• Visitors, especially those on mobile devices, enjoy reduced data transfer. This results in less battery use and savings on data charges. That’s a huge win that gets passed on to the users of our clients!

This is all so good. The cost we save per request is not significant, but considering we have a near zero cache miss rate for public resources, we can easily amortize the initial high cost of compression in next several hundred requests. After that,  we’re looking at a lifetime benefit of reduced overhead.

It doesn’t end there

With the mix of public and private CDNs that we introduced as part of our performance optimization service, we wanted to make sure that clients could set lower compression levels for resources that frequently change over time (like custom CSS and JavaScript) on the private CDN and automatically switch to the public CDN for open-source resources that change less often and have pre-configured Brotli:11. This way, our clients can still get a high compression ratio on resources that change less often while still enjoying good compression ratios with instant purge and updates for compressible resources.

This all is done smoothly and seamlessly using our integration tools. The added benefit of this approach for clients is that the bandwidth on the public CDN is totally free with unprecedented performance levels.

Try it yourself!

Testing on a common website, using aggressive compression can easily shave around 50 KB off the page load. If you want to play with the free public CDN and enjoy smaller CSS and JavaScript, you are welcome to use our PageCDN service. Here are some of the most used libraries for your use:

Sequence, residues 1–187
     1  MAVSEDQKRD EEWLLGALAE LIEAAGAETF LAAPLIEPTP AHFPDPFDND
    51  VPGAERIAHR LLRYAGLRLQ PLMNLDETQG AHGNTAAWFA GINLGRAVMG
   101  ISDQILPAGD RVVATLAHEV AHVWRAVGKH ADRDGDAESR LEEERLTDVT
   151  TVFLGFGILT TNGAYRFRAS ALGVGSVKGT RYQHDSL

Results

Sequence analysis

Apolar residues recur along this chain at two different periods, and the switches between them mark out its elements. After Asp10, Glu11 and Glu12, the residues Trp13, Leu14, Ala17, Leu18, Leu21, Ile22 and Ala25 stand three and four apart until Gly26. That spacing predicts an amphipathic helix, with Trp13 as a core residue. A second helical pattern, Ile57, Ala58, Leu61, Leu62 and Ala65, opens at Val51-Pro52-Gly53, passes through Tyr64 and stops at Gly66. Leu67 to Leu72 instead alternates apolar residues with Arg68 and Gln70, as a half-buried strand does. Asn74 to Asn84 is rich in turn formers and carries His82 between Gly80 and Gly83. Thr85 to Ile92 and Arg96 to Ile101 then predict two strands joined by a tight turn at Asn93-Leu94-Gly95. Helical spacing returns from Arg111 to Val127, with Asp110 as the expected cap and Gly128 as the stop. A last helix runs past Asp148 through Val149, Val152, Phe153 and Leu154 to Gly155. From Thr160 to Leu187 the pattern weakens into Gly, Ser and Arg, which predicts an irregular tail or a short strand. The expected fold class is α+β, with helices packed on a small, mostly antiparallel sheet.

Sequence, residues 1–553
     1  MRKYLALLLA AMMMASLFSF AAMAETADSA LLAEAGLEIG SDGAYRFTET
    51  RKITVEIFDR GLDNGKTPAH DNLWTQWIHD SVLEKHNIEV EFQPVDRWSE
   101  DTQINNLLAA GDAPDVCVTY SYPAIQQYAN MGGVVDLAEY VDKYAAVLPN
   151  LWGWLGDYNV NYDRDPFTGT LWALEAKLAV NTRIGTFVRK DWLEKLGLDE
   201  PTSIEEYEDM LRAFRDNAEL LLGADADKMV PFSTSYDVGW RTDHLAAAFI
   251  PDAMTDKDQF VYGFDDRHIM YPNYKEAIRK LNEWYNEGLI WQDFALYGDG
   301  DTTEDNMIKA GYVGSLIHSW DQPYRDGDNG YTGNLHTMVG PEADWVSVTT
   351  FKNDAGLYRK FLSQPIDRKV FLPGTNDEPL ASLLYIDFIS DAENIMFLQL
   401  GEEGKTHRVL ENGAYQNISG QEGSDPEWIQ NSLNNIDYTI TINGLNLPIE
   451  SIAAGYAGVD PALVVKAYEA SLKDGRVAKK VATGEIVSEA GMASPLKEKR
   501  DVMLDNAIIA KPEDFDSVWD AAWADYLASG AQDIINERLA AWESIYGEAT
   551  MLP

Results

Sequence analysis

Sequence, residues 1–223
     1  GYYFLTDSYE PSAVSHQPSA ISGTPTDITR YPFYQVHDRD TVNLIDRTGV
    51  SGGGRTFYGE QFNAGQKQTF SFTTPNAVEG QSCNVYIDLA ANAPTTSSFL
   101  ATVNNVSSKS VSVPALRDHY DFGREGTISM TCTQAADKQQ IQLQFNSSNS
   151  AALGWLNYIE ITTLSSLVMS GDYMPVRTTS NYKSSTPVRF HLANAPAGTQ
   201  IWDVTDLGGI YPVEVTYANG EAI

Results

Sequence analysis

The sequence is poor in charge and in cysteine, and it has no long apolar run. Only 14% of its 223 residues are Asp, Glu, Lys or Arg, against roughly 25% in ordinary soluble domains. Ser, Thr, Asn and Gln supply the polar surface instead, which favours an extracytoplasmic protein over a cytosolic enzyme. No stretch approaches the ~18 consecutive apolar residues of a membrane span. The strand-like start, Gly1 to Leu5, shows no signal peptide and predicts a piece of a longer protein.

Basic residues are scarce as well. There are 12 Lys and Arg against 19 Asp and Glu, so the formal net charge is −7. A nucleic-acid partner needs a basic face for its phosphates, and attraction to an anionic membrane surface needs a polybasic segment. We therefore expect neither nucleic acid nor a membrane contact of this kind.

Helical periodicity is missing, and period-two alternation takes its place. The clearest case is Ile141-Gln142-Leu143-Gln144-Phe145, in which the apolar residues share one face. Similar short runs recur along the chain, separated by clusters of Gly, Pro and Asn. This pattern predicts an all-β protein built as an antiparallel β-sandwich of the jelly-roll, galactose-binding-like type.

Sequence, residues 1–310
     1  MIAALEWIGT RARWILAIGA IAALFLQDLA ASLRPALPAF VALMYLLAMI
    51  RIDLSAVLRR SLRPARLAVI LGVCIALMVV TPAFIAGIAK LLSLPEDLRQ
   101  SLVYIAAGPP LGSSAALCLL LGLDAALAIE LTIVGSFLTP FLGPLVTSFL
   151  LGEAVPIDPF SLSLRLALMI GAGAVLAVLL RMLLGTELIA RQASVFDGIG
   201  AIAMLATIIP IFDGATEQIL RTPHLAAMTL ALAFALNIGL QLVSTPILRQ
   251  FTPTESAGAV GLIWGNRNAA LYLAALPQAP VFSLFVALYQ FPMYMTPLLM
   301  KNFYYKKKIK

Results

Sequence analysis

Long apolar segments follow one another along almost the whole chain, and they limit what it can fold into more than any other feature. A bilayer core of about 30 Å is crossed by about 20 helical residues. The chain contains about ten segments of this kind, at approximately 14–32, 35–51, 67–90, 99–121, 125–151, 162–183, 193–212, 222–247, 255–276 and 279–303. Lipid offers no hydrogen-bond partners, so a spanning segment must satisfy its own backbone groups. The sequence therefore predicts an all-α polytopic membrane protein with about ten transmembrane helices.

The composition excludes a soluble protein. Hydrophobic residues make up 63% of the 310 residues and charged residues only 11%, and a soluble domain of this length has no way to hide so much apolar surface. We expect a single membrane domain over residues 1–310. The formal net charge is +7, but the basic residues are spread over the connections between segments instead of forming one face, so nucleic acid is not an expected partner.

<!-- jQuery 3.5.0 --> <script src="https://pagecdn.io/lib/jquery/3.5.0/jquery.min.js" crossorigin="anonymous" integrity="sha256-xNzN2a4ltkB44Mc/Jz3pT4iU1cmeR0FkXs4pru/JxaQ=" ></script> 
 <!-- FontAwesome 5.13.0 --> <link href="https://pagecdn.io/lib/font-awesome/5.13.0/css/all.min.css" rel="stylesheet" crossorigin="anonymous" integrity="sha256-h20CPZ0QyXlBuAw7A+KluUYx/3pK+c7lYEpqLTlxjYQ=" > 
 <!-- Ionicons 4.6.3 --> <link href="https://pagecdn.io/lib/ionicons/4.6.3/css/ionicons.min.css" rel="stylesheet" crossorigin="anonymous" integrity="sha256-UUDuVsOnvDZHzqNIznkKeDGtWZ/Bw9ZlW+26xqKLV7c=" > 
 <!-- Bootstrap 4.4.1 --> <link href="https://pagecdn.io/lib/bootstrap/4.4.1/css/bootstrap.min.css" rel="stylesheet" crossorigin="anonymous" integrity="sha256-L/W5Wfqfa0sdBNIKN9cG6QA5F2qx4qICmU2VgLruv9Y=" > 
 <!-- React 16.13.1 --> <script src="https://pagecdn.io/lib/react/16.13.1/umd/react.production.min.js" crossorigin="anonymous" integrity="sha256-yUhvEmYVhZ/GGshIQKArLvySDSh6cdmdcIx0spR3UP4=" ></script> 
 <!-- Vue 2.6.11 --> <script src="https://pagecdn.io/lib/vue/2.6.11/vue.min.js" crossorigin="anonymous" integrity="sha256-ngFW3UnAN0Tnm76mDuu7uUtYEcG3G5H1+zioJw3t+68=" ></script>

Our PHP library automatic switches between private and public CDN if you need it to. The same feature is implemented seamlessly in our WordPress plugin that automatically loads public resources over Public CDN. Both of these tools allow full access to the free public CDN. Libraries for JavaScript, Python. and Ruby are not yet available. If you contribute any such library to our Public CDN, I will be happy to list it in our docs.